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An empirical approach to studying software evolution

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2 Author(s)
C. F. Kemerer ; Pittsburgh Univ., PA, USA ; S. Slaughter

With the approach of the new millennium, a primary focus in software engineering involves issues relating to upgrading, migrating, and evolving existing software systems. In this environment, the role of careful empirical studies as the basis for improving software maintenance processes, methods, and tools is highlighted. One of the most important processes that merits empirical evaluation is software evolution. Software evolution refers to the dynamic behaviour of software systems as they are maintained and enhanced over their lifetimes. Software evolution is particularly important as systems in organizations become longer-lived. However, evolution is challenging to study due to the longitudinal nature of the phenomenon in addition to the usual difficulties in collecting empirical data. We describe a set of methods and techniques that we have developed and adapted to empirically study software evolution. Our longitudinal empirical study involves collecting, coding, and analyzing more than 25000 change events to 23 commercial software systems over a 20-year period. Using data from two of the systems, we illustrate the efficacy of flexible phase mapping and gamma sequence analytic methods, originally developed in social psychology to examine group problem solving processes. We have adapted these techniques in the context of our study to identify and understand the phases through which a software system travels as it evolves over time. We contrast this approach with time series analysis. Our work demonstrates the advantages of applying methods and techniques from other domains to software engineering and illustrates how, despite difficulties, software evolution can be empirically studied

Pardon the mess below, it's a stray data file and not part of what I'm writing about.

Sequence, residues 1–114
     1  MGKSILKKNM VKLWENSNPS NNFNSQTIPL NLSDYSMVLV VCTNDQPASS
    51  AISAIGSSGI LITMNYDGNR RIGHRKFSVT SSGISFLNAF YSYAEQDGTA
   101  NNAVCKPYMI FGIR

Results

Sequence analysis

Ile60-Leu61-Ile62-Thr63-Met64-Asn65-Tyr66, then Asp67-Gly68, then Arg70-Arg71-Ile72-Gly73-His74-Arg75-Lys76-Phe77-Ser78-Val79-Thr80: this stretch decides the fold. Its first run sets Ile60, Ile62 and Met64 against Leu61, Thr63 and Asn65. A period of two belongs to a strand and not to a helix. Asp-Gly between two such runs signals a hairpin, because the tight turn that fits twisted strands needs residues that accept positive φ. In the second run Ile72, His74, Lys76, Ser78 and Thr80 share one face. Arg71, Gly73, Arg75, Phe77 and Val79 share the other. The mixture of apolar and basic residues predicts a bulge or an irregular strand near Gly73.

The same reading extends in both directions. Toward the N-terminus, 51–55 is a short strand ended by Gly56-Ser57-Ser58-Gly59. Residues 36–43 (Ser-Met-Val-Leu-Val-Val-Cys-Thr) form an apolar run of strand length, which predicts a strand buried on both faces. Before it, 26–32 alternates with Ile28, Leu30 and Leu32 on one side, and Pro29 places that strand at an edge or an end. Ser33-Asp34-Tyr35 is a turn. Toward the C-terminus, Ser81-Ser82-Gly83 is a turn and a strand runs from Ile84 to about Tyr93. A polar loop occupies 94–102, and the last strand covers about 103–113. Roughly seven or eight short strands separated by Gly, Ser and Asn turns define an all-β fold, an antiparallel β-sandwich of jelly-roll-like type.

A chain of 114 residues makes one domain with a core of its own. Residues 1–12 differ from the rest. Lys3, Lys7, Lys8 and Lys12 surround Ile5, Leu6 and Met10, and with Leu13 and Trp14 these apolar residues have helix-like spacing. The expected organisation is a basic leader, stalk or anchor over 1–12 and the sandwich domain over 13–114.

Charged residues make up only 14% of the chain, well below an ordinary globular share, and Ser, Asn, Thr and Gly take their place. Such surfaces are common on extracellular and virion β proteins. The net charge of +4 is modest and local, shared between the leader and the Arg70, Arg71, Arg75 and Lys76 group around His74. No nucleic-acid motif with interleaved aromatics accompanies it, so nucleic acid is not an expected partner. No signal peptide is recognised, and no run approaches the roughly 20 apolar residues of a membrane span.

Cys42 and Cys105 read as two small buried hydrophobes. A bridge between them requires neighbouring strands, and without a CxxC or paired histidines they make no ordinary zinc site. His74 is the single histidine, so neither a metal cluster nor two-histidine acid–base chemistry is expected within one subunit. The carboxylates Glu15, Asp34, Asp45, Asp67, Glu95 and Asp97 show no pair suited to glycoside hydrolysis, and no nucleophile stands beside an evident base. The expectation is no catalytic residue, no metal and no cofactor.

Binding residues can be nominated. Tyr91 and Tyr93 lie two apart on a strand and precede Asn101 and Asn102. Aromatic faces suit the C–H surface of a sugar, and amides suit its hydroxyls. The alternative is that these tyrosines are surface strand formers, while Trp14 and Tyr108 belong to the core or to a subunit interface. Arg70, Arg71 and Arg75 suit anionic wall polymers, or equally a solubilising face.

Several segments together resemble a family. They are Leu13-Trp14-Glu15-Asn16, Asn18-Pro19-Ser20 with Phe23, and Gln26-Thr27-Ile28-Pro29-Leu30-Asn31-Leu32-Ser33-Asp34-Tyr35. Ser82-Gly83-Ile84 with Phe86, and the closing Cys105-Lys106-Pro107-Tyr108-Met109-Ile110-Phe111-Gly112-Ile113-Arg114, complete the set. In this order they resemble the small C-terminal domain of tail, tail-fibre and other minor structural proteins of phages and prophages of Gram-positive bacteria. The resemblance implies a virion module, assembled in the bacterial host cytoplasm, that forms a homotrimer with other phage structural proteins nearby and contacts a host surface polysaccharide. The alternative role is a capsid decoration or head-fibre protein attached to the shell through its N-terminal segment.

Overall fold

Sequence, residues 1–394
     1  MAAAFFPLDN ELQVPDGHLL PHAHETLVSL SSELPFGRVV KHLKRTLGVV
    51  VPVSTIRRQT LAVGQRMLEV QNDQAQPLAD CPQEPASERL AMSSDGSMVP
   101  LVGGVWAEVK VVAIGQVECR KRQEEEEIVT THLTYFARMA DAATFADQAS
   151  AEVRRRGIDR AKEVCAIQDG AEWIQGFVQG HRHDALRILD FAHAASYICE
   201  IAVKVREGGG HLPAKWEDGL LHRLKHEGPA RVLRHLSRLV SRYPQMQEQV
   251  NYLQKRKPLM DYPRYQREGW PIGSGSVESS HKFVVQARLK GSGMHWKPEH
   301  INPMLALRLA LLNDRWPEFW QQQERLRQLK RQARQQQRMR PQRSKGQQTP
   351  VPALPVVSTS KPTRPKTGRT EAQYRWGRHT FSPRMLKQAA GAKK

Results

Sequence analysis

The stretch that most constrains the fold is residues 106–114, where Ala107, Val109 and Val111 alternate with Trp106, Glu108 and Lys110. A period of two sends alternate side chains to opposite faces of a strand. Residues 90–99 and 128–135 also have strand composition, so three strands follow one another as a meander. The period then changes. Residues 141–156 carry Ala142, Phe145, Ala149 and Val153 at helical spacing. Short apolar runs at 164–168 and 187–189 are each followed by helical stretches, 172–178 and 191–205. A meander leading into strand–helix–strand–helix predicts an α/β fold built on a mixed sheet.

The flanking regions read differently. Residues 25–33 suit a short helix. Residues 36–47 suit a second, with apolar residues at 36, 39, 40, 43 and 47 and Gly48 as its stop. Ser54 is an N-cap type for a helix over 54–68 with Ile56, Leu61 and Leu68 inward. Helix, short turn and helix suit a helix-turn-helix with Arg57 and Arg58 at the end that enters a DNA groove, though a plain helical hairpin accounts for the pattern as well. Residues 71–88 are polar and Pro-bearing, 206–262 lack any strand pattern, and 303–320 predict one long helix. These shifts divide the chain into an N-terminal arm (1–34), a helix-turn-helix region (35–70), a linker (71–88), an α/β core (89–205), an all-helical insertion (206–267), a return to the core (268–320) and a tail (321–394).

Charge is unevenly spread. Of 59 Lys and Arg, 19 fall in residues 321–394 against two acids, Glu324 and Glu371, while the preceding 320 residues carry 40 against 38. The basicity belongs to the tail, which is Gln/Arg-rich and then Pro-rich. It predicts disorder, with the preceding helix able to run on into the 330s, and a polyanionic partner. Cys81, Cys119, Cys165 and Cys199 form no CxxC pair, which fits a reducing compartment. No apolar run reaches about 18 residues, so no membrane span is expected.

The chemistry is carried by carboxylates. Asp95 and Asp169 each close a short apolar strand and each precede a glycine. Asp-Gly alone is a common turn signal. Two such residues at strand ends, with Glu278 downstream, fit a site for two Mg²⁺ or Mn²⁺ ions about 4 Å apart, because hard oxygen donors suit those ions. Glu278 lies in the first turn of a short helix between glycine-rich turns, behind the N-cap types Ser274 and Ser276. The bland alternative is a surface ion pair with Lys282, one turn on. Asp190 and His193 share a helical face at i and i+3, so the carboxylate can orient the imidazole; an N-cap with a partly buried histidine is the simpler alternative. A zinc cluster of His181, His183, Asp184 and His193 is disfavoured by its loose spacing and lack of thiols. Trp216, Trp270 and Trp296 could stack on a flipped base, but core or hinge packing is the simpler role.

Published in:

IEEE Transactions on Software Engineering  (Volume:25 ,  Issue: 4 )